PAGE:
Lyme disease
The most common early sign of lyme disease is the appearance of a rash on the skin that looks like a bulls eye. The rash begins as a reddened area near the area of the tick bite. As the rash gets bigger, it clears in the center and develops a red ring around the outer perimeter. Other symptoms include muscle or joint aches, stiff neck, headache, weakness, fever, swollen lymph nodes and other flu-like symptoms.
Stomach
The stomach is the portion of the digestive system most responsible for breaking down food. The lower esophageal sphincter at the top of the stomach regulates food passing from the esophagus into the stomach, and prevents the contents of the stomach from reentering the esophagus. The pyloric sphincter at the bottom of the stomach governs the passage of food out of the stomach into the small intestine.
Lyme disease
Having a tick attached to your body isn't just getting a little too close to nature. The tick can make you seriously ill with Lyme disease. Lyme disease is caused by bacteria called Borrelia burgdorferi. Blacklegged ticks carry these bacteria. The ticks pick up the bacteria when they bite mice or deer that are infected with Lyme disease. You can get the disease if you are bitten by an infected tick, mostly in northeastern states and on the West Coast. The good news is that usually a tick has to be attached to your body for 24 to 36 hours to infect you. The bad news is that blacklegged ticks are so small they're almost impossible to see. Many people with Lyme disease never even see a tick on their body. But most people bitten by a tick do NOT get Lyme disease. So, how do you know for sure that you have Lyme disease? The flu-like symptoms of Lyme disease usually start days or weeks after you've been bitten. You might have Itching all over your body; Chills, fever, and light headedness; Or perhaps a Headache, muscle pain, and a stiff neck. You'll probably see a bull's eye rash on your body. It can get pretty big. After a few weeks, the muscles in your face might feel weak or even paralyzed. Your knees and other joints may swell and hurt. You might even notice your heart skipping some beats. Eventually, your muscles might move strangely, you may feel numbness or tingling, and you may start to have trouble speaking. A doctor will test your blood for antibodies that are trying to fight the bacteria in your blood. One of these tests is called the ELISA test, and you'll often have a second test called the Western blot test to confirm you have Lyme disease. To treat Lyme disease, you may need to take antibiotics for up to a month. Pain medicines from the drug store can help soothe your joint stiffness. If it's caught early, Lyme disease is pretty easily treated. Without treatment, you can have heart, muscle, and even nerve problems. So the next time you're out in the woods or high grass, wear protective clothing, and do check yourself for ticks once you get home.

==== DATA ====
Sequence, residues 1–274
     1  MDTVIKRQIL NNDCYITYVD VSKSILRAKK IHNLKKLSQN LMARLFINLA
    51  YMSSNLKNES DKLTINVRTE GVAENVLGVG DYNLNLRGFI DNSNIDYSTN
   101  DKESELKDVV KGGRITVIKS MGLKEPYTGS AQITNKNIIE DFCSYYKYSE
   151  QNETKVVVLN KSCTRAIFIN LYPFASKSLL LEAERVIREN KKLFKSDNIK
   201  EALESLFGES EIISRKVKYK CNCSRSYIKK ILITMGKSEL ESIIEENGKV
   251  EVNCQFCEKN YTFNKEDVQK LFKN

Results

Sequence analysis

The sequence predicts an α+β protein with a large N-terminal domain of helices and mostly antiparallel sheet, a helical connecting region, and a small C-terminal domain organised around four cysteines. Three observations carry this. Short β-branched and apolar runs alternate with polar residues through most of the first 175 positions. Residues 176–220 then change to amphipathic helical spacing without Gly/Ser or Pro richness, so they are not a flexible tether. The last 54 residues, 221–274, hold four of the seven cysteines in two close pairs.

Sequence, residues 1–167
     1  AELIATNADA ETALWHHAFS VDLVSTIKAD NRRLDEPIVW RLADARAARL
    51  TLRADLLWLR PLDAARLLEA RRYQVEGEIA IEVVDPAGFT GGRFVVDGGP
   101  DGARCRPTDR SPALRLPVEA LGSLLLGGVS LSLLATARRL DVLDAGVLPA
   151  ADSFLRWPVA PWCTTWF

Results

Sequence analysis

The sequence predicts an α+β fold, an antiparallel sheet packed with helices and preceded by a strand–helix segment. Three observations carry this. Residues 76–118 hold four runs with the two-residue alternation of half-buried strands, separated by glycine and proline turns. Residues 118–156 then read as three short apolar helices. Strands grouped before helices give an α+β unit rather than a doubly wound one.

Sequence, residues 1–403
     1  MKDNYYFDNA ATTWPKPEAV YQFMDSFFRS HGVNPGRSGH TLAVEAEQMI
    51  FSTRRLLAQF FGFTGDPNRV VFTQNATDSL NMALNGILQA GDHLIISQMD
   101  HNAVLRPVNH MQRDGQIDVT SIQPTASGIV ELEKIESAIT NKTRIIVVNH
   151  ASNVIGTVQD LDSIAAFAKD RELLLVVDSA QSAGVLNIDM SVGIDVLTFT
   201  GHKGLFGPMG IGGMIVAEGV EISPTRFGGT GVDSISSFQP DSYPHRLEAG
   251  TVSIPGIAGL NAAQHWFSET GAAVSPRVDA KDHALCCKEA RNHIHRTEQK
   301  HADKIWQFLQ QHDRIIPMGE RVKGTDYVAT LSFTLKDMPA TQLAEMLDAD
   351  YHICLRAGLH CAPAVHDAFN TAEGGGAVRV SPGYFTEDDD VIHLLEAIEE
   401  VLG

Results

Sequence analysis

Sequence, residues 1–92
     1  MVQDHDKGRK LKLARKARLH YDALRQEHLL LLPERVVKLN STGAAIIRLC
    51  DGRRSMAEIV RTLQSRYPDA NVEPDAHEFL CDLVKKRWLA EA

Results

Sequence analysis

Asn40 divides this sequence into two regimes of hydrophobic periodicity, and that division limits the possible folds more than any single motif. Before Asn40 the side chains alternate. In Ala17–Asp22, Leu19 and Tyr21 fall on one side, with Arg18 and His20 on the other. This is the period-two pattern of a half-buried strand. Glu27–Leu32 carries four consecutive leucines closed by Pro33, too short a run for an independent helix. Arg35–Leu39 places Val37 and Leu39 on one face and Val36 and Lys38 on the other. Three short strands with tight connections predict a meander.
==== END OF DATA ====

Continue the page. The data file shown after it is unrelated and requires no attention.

References

Bolgiano EB, Sexton J. Tickborne illnesses. In: Walls RM, ed. Rosen's Emergency Medicine: Concepts and Clinical Practice. 10th ed. Philadelphia, PA: Elsevier; 2023:chap 123.

Dinulos JGH. Infestations and bites. In: Dinulos JGH, ed. Habif's Clinical Dermatology. 7th ed. Philadelphia, PA: Elsevier; 2021:chap 15.

Naides SJ. Arboviruses causing fever and rash syndromes. In: Goldman L, Schafer AI, eds. Goldman-Cecil Medicine. 26th ed. Philadelphia, PA: Elsevier; 2020:chap 358.

Last reviewed December 4, 2022 by Jatin M. Vyas, MD, PhD, Associate Professor in Medicine, Harvard Medical School; Associate in Medicine, Division of Infectious Disease, Department of Medicine, Massachusetts General Hospital, Boston, MA. Also reviewed by David C. Dugdale, MD, Medical Director, Brenda Conaway, Editorial Director, and the A.D.A.M. Editorial team..